"Sweatshops in Fashion," Miami Magazine, 32 (August 1981), 40-43, 92; Miami News,
May 21, 22, 23, 28, 1981; Miami Herald, May 25, 1981.
13. "Region's Focus Turns Toward Development," Miami Magazine, (September
1977), 33.
14. Wolff, Miami Metro, 45-49; Jenna, Metropolitan Miami, 43-53; "Industrial
Parks Plentiful," Miami Magazine (September 1977), 48; Larry Birger, "Suddenly, the
West Dade Land Rush Is On," Miami Herald, Business Monday, January 19, 1981.
15. Joel Garreau, "The Nine Nations of North America (Boston, 1981), 167-206;
"A New Stature in International Trade," Florida Trend, 15 (January 1973), 30-44; "Trade
Winds Blow Southward," Florida Trend, 17, (May 1974), 30-44, 95; Robert Stickler,
"Florida: Marketplace in the Heart of the Americas," Miami Herald, Business Monday,
January 26, 1981; Miami News, August 31, 1981.
16. Miami Herald, January 21, 1973; David A. Heenan, "Global Cities of Tomor-
row," Harvard Business Review, 55 (May-June 1977), 79-92; Robert Stickler, "Multina-
tionals Find the Gateway in Coral Gables," Miami Herald, Business Monday, September
22, 1980; Joe Hice, "Coral Gables: Trade Center for the Americas," Florida Trend, 23
(February 1981), 54-59.
17. New York Times, December 10, 1980; Miami News, May 1, 1981; Erik
Calonius, "Banking's Frontier Town," Florida Trend, 22 (March 1980), 62-66; Robert
Stickler, "Miami Has the Latin Edge in Foreign Banking," Miami Herald, Business
Monday, September 8, 1980; Donald E. Baer, "Behind Miami's Surge in International
Banking," Caribbean Basin Economic Survey, 7 (January-March 1981), 1-16; "Interna-
tional Deposits in Miami-A Profile," Economic Review (Federal Reserve Bank of
Atlanta), 66 (May 1981), 28-33.
18. Miami Herald, October 14, 1980, January 26, September 3, 1981; Miami
News, September 3, 1981; "The Foreign Trade Zone Is a New Economic Stimulant,"
Florida Trend, 20 (February 1978), 23-27; Annetta Miller, "Miami Free bTrade Zone,"
Florida Trend, 23 (November 1980), 60-64.
19. Garreau,Nine Nations, 172; Mimi Whitefield, "Miami: International City,"
Miami Herald, Business Monday, September 14, 1981.
20. Mira Wilkins, Foreign Enterprise in Florida: The Impact of Non-U.S. Direct
Investment (Miami, 1979), 104.
21. Larry Birger, "Billion-Dollar Money Funnel into S. Florida," Miami Herald,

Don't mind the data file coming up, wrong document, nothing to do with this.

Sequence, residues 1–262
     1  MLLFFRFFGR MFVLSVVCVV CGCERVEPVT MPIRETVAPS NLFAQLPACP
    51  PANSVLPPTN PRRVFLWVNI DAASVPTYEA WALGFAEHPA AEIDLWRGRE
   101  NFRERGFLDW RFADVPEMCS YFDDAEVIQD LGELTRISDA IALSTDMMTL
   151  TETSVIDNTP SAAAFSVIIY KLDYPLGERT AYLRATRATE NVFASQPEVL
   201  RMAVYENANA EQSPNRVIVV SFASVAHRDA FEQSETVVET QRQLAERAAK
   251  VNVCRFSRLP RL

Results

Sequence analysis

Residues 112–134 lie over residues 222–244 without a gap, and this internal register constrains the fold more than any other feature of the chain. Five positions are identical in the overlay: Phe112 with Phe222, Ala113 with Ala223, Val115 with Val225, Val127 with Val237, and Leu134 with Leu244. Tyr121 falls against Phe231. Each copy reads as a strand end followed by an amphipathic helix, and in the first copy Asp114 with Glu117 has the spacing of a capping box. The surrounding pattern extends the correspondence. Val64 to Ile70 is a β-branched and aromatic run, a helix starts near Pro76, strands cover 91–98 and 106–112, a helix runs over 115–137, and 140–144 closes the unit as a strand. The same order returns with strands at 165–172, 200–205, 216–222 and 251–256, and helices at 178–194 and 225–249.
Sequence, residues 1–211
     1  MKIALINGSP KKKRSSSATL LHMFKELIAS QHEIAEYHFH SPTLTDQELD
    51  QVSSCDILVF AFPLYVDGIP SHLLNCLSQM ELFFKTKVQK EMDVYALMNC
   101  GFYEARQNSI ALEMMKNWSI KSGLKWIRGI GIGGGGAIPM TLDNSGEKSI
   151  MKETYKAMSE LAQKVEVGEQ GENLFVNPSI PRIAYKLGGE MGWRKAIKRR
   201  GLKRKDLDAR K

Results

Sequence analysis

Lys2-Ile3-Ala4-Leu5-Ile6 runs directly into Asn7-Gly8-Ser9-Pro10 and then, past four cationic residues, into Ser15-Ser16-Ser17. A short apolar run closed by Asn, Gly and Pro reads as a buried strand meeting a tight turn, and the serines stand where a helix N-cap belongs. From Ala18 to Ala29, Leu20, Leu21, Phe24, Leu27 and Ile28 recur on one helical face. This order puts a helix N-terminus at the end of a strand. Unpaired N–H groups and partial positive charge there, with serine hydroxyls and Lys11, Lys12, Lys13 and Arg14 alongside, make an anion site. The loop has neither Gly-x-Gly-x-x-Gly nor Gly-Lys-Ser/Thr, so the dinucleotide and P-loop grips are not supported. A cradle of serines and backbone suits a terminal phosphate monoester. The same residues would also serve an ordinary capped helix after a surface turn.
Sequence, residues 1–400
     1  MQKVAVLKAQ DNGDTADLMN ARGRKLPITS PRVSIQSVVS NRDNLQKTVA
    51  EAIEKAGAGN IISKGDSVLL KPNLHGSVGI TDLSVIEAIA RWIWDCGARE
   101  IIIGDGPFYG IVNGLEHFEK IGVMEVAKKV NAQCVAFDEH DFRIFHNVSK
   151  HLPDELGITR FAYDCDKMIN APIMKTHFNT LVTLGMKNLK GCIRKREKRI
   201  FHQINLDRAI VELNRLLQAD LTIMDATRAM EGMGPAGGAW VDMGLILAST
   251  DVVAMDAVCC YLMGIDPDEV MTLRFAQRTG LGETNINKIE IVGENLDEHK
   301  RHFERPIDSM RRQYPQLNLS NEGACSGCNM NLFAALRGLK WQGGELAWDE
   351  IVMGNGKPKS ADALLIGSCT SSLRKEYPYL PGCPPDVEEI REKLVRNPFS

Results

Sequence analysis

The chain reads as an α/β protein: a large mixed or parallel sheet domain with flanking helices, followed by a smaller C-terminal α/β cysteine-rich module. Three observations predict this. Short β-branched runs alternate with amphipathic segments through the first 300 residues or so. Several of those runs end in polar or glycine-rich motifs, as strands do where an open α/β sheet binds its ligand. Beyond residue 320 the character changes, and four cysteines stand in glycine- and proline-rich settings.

Business Monday, August 4, 1980; Phyllis Berman, "Miami: Saved Again," Forbes, 120

Changing Economic Patterns 73

(November 1, 1977), 37-41; Jeffrey Tucker and Wayne Falbey, "Foreigners Find Florida
Safer Than Their Banks," Florida Trend, 21 (March 1979), 26-33; Erik Calonius,
"Offshore Money Floods Miami," Florida Trend, 22 (April 1980), 38-47; Mira Wilkins,
"Venezuelan Investment in Florida," Latin American Research Review, 16 (1981),
22. Miami Herald, February 9, 10, 11, 12, 13, 14, 1945, May 4, 1955; Henning
Heldt, "Miami: Heaven or Honky-Tonk?" in Robert S. Alien, ed., Our Fair City (New
York, 1947), 88-91; "Miami: Mob Town, U.S.A.," Newsweek (February 13, 1967),
38-39; Paul G. Ashdown, "WTVJ's Miami Crime War: A Television Crusade," Florida
Historical Quarterly, 58 (April 1980), 427-437; Hank Messick, Syndicate in the Sun
(New York, 1968).
23. "Miami: Latin Crossroads," Newsweek (February 11, 1980), 41; Garreau,
Nine Nations, 169, 176, 183-196; "Miami's 'Narcobucks,' "Newsweek (June 9, 1980), 44;
Stanley Penn, "The Pot Trade," Wall Street Journal, July 22, 1980; Hank Messick, "The
Drug Enforcement Farce," New Florida, 1 (August 1981), 48-53; "The Sun Belt Today,"
Changing Times, 35 (September 1981), 28; New York Times, April 1, 1980.
24. Miami Herald, May 11, 1980.
25. "To Miami, Refugees Spell Prosperity," Business Week (November 3, 1962),
92-94; "La Saguesera: Miami's Little Havana," Time (October 14, 1974), 24; "Miami:
Headquarters Town for Latin Business," Business Week (August 7, 1978), 40-41; Anthony
Ramirez, "Making It," Wall Street Journal, May 5, 1980; David Wilkening, "Pluck and
Luck in Little Havana," Florida Trend, 23 (December 1980), 46-48; "Hispanics Make
Their Move," U.S. News and World Report (August 24, 1981), 60; Antonio Jorge,
"Caracteristicas y Consecuencias de la Economia Hispanica en Miami, Antes y Despues
de la Revoluci6n Comunista en Cuba," in Jose Agustin Balseiro, ed., Presencia His-
panica en la Florida (Miami, 1976), 171-191.
26. Herbert Burkholz, "The Latinization of Miami," New York Times Magazine
(September 21, 1980), 46.
27. Al Burt, "Miami Today: The Best of Times?" Miami Herald Tropic, Sep-
tember 28, 1980.

This Page Blank in Original
Source Document

Contents of Tequesta

Numbers I through XLI

Introduction by the Associate Editors

With this edition of Tequesta, Volume XLII of the journal of the Histori-